It’s been a little over a week since we remembered the anniversary of the tragedy of September 11, 2001. There have been a number of articles and shows remembering that day 17 years ago. And so it’s been on my mind. Like all of us, I don’t think I’ll ever forget where I was that morning it happened. I was at the clinic treating cats and dogs and one squealy pig. And one of our technicians called to tell us that a plane had hit the world trade center. Now this woman was prone to exaggeration so we didn’t really give it much thought. But soon after a client came in with the same report and so we turned the small TV on in the office and that’s where we stood for the next few hours. A lot of clients never even showed up for their appointments that day.
In the course of that morning one of the national network anchors, was summing up all the details for those who were just tuning in. He mentioned that one of the planes was supposed to be headed for Los Angeles. He then added looking to the camera saying, “That flight is routinely taken by many stars and celebrities, I bet some very important people were on that flight.”
“I bet some very important people were on that flight.” In saying that, he meant important people like himself TV news-anchors, or actors, or directors, or politicians, or industry executives, or athletes. People with rank, with power, with money, with fame, with beauty, with athleticism. The things that make someone to be great. The other people on the plane, the regular people, they’ll be missed by their loved ones, of course, but not by the world. Because, after all, they weren’t “important.”
In the Gospel today, Jesus is speaking to us about greatness. He’s speaking about the greatness, or significance, or importance of each person. And it’s maybe a bit funny that as Jesus tells the Apostles He’s going to suffer and die, they’re arguing about who is the most important. (By the way this kind of story is great evidence for the reliability of the Gospels. If this was all made up, you can bet the Apostles would have made themselves look like brilliant and courageous men. Instead in today’s Gospel they look like fools.)
Jesus uses the occasion to teach the apostles and us about true greatness and true importance. And He does so by use of a child. He calls the child to Himself and put His arms around him to show that he values the child. In order to grasp the lesson here, we need to know that children weren’t symbols of cuteness and innocence in the ancient world. Children were symbols of non-persons. Children at the time of Jesus had no rights, no social status, no value, and no significance. They were totally dependent on others. To be kind to a child, to welcome a child, was an act that could bring no reward.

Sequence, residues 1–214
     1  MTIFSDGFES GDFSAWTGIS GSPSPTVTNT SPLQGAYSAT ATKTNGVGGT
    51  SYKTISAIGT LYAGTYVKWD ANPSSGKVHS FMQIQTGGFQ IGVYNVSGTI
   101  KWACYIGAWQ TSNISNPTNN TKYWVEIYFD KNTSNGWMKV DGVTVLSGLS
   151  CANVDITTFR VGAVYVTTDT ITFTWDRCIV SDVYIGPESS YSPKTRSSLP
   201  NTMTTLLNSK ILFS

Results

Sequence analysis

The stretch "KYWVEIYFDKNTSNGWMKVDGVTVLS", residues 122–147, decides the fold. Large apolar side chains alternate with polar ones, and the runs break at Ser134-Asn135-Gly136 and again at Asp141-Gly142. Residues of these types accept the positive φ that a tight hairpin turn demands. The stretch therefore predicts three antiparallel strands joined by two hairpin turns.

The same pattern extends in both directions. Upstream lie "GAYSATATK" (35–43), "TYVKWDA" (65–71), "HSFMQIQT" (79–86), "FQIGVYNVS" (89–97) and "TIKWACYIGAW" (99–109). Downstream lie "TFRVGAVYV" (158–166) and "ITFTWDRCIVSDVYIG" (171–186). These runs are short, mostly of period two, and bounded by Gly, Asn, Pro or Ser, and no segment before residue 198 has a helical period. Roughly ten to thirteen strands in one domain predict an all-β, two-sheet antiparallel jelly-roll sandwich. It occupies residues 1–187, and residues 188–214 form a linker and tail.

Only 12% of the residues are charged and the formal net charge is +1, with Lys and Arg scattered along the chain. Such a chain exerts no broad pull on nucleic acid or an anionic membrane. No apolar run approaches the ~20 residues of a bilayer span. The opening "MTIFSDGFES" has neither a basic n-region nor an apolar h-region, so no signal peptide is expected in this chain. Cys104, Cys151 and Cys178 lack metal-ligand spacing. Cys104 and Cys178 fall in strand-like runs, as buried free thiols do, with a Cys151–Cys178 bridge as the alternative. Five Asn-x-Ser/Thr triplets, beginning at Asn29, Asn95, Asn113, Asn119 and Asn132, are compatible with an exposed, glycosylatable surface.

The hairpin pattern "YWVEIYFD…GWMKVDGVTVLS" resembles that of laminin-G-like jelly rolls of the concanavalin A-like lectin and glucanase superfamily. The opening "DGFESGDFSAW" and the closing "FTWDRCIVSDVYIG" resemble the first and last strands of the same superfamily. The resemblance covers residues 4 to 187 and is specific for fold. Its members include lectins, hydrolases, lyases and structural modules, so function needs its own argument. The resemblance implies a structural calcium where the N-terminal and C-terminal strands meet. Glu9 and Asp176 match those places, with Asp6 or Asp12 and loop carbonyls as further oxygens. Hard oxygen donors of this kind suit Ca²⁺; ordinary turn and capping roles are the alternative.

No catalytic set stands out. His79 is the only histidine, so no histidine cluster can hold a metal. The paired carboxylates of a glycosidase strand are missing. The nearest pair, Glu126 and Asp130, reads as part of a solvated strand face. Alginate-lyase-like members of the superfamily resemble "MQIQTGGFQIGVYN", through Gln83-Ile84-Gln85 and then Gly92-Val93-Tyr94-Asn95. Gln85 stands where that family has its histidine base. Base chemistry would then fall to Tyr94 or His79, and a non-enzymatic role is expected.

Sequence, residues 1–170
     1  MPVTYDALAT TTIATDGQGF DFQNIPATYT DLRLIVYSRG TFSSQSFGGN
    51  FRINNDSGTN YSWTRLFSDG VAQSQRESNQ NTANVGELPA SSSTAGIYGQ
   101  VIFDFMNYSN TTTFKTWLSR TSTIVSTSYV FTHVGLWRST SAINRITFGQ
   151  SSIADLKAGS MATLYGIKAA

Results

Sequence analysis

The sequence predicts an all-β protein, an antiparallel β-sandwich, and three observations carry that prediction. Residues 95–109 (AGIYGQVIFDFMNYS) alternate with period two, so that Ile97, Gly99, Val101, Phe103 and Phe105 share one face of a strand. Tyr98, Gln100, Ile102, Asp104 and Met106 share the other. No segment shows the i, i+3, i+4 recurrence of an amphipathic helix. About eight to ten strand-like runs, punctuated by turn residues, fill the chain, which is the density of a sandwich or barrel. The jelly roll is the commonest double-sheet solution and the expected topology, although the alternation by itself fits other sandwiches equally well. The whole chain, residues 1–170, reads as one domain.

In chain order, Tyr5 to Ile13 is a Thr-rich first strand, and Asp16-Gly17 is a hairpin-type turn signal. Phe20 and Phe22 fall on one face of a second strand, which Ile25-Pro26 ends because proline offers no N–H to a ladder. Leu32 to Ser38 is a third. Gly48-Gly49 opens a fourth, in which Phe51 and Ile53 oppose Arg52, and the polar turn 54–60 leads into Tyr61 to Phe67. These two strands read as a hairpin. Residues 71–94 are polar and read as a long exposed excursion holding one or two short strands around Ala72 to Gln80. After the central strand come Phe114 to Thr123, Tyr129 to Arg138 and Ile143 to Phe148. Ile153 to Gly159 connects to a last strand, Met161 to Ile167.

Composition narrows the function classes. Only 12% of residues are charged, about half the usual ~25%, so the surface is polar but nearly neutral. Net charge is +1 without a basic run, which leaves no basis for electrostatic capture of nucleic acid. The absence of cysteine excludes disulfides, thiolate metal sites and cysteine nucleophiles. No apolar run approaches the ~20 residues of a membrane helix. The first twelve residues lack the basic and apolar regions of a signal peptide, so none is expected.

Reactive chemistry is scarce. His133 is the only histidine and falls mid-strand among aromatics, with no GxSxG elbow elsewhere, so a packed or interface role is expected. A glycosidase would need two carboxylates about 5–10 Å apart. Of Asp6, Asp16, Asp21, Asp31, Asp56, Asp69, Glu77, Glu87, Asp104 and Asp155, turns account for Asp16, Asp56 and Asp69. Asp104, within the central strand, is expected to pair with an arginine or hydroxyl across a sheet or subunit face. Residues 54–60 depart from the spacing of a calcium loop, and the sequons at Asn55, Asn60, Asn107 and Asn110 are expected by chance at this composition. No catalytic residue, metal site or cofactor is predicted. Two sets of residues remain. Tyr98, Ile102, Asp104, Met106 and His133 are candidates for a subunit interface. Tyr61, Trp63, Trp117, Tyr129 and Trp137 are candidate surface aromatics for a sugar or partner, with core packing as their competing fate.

The Gospel message is this, there are no unimportant persons. There is no “greatest.” No one, here or anywhere else, is more important or less important than another. No income or title or celebrity status makes me either inferior or superior to another. We are all equal in dignity. We’re not the same, we have different vocations, but we’re all equal. We all have the same origin and the same destiny. We all have the same Heavenly Father. We come from the Father and its our goal to go back to the Father.
Concepcion Cabrera a Mexican mystic once wrote, “Souls are an extension of the Trinity, its Heaven on Earth, and just like the Trinity, they should be respected and loved, since they share in the Divine and the immortal,” an awesome statement. Read it again, “Souls are an extension of the Trinity, its Heaven on Earth, and just like the Trinity, they should be respected and loved, since they share in the Divine and the immortal.” The human person is both body and soul and C.S. Lewis, author of the Narnia Chronicles would add, “Outside of the Blessed Sacrament, your neighbor is the holiest object ever presented to your senses.” Every neighbor, including the family member who no longer goes to Church, the kid in class who doesn’t fit in, the man begging for money at the freeway exit, the woman in jail, or the man in rehab, our neighbor.
Now none of this should be a major revelation but we can make it practical. I have homework, let’s try to call to mind today one person in our life we struggle with, the one who just annoys us to no end, or grates on our nerves, or seems beyond hope. Then, let’s sincerely ask God this week for the grace to recognize that person’s worth and dignity and importance, for all are important in His eyes. And then let’s act accordingly.
And who knows, we ourselves may be the recipients of extra prayers and graces this week. Because we ourselves may be the ones that annoy, and grate on the nerves of others.
“Souls are an extension of the Trinity, its Heaven on Earth, and just like the Trinity, they should be respected and loved, since they share in the Divine and the immortal.” “Outside of the Blessed Sacrament, your neighbor is the holiest object ever presented to your senses.”
May we be great Saints,
Fr. Christopher J. Ankley